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Employers in Six Communities Announce Youth-Designed Actions to Promote Diversity and Inclusion

Posted on: March 9, 2022

Youth-Designed Actions

February 08, 2022

WASHINGTON – This month, employers in six communities announced a series of new commitments to address and promote inclusion and belonging in the workplace for young employees of color. These commitments are the culmination of a unique collaboration supported by America’s Promise Alliance, known as Action Roundtables, between employers, nonprofit partners, and young workers in each community.

As part of the Action Roundtables, 18 employers and more than two dozen young professionals ages 17-26 in the six regions worked together within their communities to co-create and co-design the strategies announced today. The strategies include both short- and long-term steps employers will take to promote diversity and inclusion in the workplace, including an internship program for young people of color in Macon, Ga. and an effort in South Texas to recruit and retain more young teachers of color.

The objective of the Action Roundtables was to center the perspectives of young workers of color, who are often excluded from employers’ decision-making, and improve inclusion in the workplace. Over the course of several months, each community partner facilitated a series of virtual convenings between young workers and area employers on race, identity, and belonging in the workplace. Young professionals of color shared their experiences navigating the workplace and helped employers identify areas for growth.

The YES (Young, Employed, Successful) Project, a national youth employment initiative led by America’s Promise Alliance, supported the collaborations with $20,000 grants to each community organization. The Action Roundtable grants reflect a key finding identified in the YES Project’s youth-centered research: young people view their work and their lives as deeply intertwined. This means that success in the workplace requires a multi-dimensional, whole-person approach that acknowledges and values all aspects of one’s identity.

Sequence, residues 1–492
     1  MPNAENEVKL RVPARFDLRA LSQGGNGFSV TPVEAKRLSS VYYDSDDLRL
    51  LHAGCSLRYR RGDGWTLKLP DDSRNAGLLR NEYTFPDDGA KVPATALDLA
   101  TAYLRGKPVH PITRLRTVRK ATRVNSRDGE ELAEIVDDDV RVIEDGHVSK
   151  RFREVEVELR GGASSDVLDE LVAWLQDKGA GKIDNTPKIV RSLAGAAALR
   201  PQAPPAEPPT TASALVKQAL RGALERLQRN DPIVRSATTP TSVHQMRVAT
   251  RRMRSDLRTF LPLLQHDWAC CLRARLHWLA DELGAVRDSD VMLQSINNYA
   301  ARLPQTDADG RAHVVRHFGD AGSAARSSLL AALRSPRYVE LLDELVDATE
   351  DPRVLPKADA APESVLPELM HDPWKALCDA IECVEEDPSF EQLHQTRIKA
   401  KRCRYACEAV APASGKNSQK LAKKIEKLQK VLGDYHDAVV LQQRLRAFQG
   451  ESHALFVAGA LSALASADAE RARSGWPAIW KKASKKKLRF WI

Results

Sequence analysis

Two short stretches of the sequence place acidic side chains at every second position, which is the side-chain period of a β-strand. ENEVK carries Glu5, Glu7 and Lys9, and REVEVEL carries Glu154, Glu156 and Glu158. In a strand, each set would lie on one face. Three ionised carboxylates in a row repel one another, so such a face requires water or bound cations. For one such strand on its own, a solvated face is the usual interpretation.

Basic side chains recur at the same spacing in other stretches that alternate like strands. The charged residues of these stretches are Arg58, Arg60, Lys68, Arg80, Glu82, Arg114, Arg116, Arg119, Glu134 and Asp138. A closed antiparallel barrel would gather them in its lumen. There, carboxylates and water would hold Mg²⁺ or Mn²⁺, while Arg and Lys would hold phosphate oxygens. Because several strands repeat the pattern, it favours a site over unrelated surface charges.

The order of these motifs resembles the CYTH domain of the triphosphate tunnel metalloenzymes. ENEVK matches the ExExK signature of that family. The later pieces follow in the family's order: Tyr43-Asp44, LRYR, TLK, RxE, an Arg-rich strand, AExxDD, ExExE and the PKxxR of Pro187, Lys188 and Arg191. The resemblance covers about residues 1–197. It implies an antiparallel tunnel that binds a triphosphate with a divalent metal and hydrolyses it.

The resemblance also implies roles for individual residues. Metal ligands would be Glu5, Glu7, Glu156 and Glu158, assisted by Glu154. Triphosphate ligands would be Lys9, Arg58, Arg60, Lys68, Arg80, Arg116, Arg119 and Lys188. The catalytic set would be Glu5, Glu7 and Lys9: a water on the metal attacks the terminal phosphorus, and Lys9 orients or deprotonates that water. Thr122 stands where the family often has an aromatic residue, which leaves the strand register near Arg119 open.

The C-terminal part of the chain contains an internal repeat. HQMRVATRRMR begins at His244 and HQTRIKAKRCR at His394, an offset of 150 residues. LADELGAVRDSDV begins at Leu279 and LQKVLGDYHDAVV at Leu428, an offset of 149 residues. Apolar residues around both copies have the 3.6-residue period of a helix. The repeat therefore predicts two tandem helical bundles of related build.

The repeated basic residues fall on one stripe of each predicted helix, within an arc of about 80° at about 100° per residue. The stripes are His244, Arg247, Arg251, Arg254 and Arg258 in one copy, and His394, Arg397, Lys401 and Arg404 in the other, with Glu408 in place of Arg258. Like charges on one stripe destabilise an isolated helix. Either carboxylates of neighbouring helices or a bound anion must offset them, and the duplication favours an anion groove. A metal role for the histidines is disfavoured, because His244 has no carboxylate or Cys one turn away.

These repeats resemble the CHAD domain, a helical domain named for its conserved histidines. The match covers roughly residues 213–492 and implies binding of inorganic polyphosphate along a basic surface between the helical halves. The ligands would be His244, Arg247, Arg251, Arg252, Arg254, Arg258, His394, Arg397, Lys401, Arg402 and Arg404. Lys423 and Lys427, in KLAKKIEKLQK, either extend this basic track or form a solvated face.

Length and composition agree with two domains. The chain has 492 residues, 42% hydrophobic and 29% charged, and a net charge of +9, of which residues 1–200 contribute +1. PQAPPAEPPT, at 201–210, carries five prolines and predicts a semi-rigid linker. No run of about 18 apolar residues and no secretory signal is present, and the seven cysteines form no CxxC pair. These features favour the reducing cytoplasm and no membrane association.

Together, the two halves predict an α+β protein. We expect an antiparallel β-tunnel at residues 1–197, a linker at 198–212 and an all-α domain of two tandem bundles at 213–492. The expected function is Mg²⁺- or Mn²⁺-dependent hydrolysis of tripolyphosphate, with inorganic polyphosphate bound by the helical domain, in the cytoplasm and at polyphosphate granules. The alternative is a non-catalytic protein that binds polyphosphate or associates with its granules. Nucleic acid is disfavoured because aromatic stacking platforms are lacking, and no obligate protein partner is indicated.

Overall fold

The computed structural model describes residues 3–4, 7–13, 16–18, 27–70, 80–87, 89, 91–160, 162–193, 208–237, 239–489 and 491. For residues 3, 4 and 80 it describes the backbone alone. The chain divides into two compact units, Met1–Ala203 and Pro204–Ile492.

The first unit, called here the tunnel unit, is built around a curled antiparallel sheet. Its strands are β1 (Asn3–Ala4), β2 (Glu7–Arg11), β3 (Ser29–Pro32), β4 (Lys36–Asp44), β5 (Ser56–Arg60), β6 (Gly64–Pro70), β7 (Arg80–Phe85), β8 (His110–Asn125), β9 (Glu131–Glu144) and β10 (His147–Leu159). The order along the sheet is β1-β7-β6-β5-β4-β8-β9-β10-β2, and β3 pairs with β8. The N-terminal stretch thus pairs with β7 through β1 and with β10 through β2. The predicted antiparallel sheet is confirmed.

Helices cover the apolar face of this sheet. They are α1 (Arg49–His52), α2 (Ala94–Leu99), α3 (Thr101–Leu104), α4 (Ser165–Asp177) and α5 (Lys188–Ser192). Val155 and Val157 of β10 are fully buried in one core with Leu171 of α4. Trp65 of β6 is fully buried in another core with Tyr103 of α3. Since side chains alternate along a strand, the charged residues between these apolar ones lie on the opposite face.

“We applaud these communities for recognizing the value that young people bring to the table when it comes to creating more inclusive and equitable workplaces,” said Mike O’Brien, CEO of America’s Promise Alliance. “The collaboration with young professionals and the resulting employer commitments are a model of community engagement we hope other employers will replicate.”

The community grantees, participating employers, and employer commitments are listed below:

Central Georgia Technical College Foundation (CGTCF)—Macon, Ga.:  

  • City of Milledgeville: formation of EMBRACE Milledgeville, a training awareness path designed to explore issues of Diversity, Equity, and Inclusion with employees and the community.
  • Spherion Staffing and Recruiting: development of a 13- week paid internship program for youth of color, expanding an immersive workplace experience with young professionals.
  • Georgia Artisan Furnishings: creation of a Workplace Safety and Inclusivity poster as a new initiative, focused on basic safety expectations while simultaneously communicating a welcoming atmosphere for all employees.

Greater Stark County Urban League (GSCUL)—Canton, Ohio:  

  • Aultman Health Foundation: establishment of quarterly meetings between Aultman Recruiters and GSCUL employment Navigators to seek more diverse candidates and provide direct feedback with solutions to issues that arise in the application process.
  • Akron-Canton Airport: creation of a “Young Aviators” program that could include a tour of the airport for high school students and potentially an internship for 2-4 college students to increase awareness of careers.